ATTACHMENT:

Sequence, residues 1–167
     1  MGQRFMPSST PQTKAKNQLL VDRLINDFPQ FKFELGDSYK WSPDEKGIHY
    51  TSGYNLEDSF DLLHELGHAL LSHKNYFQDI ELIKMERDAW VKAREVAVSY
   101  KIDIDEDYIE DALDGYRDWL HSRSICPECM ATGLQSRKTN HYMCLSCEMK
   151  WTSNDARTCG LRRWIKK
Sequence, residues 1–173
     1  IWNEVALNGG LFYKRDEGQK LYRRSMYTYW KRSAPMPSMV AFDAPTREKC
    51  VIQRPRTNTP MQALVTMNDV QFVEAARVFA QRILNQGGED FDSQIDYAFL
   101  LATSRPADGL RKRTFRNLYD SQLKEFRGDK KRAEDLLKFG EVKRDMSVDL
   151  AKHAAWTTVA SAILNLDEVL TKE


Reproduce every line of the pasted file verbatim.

Sequence, residues 1–167
     1  MGQRFMPSST PQTKAKNQLL VDRLINDFPQ FKFELGDSYK WSPDEKGIHY
    51  TSGYNLEDSF DLLHELGHAL LSHKNYFQDI ELIKMERDAW VKAREVAVSY
   101  KIDIDEDYIE DALDGYRDWL HSRSICPECM ATGLQSRKTN HYMCLSCEMK
   151  WTSNDARTCG LRRWIKK
Sequence, residues 1–173
     1  IWNEVALNGG LFYKRDEGQK LYRRSMYTYW KRSAPMPSMV AFDAPTREKC
    51  VIQRPRTNTP MQALVTMNDV QFVEAARVFA QRILNQGGED FDSQIDYAFL
   101  LATSRPADGL RKRTFRNLYD SQLKEFRGDK KRAEDLLKFG EVKRDMSVDL
   151  AKHAAWTTVA SAILNLDEVL TKE